Asset Allocation In An Investment Portfolio
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When an investor starts out with his investment portfolio, the portfolio is constructed based on his objectives and risk profile. However, as time goes by, the value of the assets in the portfolio will change and some of the assets will perform better than others. Therefore, even if the investor has done nothing to his portfolio, with the market force, the better performing assets will slowly dominate over the weaker ones, causing the proportion of the assets in the portfolio to deviate from the original portfolio mix.
What is rebalancing?
Rebalancing is basically the process of restoring the asset mix in the investment portfolio back to its original target allocation in order to control the risk profile of the investment portfolio. It may sound illogical to sell the asset when it is increasing in value but one must remember that there is no one asset that will stay in favor forever. The biggest danger of leaving the portfolio to the market force is the eventual shift in asset mix and risk profile will defeat the purpose of constructing an investment portfolio, which is to diversify in order to minimize risk and achieve the return that is required.
For example, an investor has RM100,000 and he decides to invest RM40,000 in equity, RM40,000 in bond funds and RM20,000 in cash equivalents (time deposits). During the year, the price of the equity that he invested in has increased while the bond fund price has gone the other way. If he has done nothing, at the end of the year, he will be realizing a gain of 14.6%. Now that the value of equity has increased significantly, the weightage of this asset class in the overall portfolio has also increased from 40% to 49%.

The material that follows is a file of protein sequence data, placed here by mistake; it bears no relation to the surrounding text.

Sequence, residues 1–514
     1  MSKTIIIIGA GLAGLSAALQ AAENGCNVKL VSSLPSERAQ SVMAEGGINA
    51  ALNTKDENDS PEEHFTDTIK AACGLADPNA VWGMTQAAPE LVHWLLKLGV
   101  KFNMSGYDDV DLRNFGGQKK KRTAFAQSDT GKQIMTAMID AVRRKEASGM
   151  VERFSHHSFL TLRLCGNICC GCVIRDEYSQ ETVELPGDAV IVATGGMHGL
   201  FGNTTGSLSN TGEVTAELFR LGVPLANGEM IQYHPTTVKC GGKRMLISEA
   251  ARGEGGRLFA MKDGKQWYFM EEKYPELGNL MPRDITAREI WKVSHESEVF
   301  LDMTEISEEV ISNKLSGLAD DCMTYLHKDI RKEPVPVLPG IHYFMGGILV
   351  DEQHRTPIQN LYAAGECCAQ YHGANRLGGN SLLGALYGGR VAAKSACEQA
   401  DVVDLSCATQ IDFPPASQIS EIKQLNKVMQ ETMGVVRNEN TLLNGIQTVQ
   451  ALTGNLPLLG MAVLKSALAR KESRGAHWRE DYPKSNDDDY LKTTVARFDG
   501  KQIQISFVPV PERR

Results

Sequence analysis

Seeing this, most people will tend to leave the portfolio holding as it is or even sell off the loser to further invest in the winner thinking that the good performance will continue on or get even better. Over the next year, equity sector has turned sour, losing 30% of its value while the bond fund gains traction, increasing by 15% for the year. Now let’s look at the portfolio again. Due to the loss of value in equity, the gain obtained in year 1 has almost been wiped off, leaving only 2% return after 2 years.
However, if the investor has rebalanced his portfolio back to the original asset mix at the end of year 1, the total gain for the portfolio would have been 4% after 2 years.
How often to rebalance?
Now that we know the importance of restoring the investment portfolio asset mix back to its original mix, in order to steer a portfolio’s asset mix back to its target asset allocation and acquire risk-return characteristics that is consistent with an investor’s goals and preferences, the next step is to determine the frequency of reviewing and rebalancing the portfolio.
Theoretically, the asset mix should be adjusted as and when it has drifted away from its original mix. However, in reality, every time a transaction is made, either buy or sell, it involves cost. Therefore, the frequency of monitoring and rebalancing the portfolio will have to be balanced in between the risk of portfolio deviation and the transaction cost involved.
In general, for most diversified investment portfolios, the approach of annual or semiannual monitoring, with a rebalancing threshold of ± 5% thresholds, is commonly adopted by most investors.
Having said all the above, when it comes to an actual rebalancing exercise, some investors find it difficult to implement as it is against the natural emotions of the investors to sell off the performing assets during the bull market and invest in the underperforming assets. Therefore, it involves great discipline on the investors to remind themselves of their original investment objectives and risk profile of their investment portfolios.
Ooi Kok Hwa
CFA, CM & AA, MA (Finance), B.Sc (Actuarial Science)
Managing Partner of MRR Consulting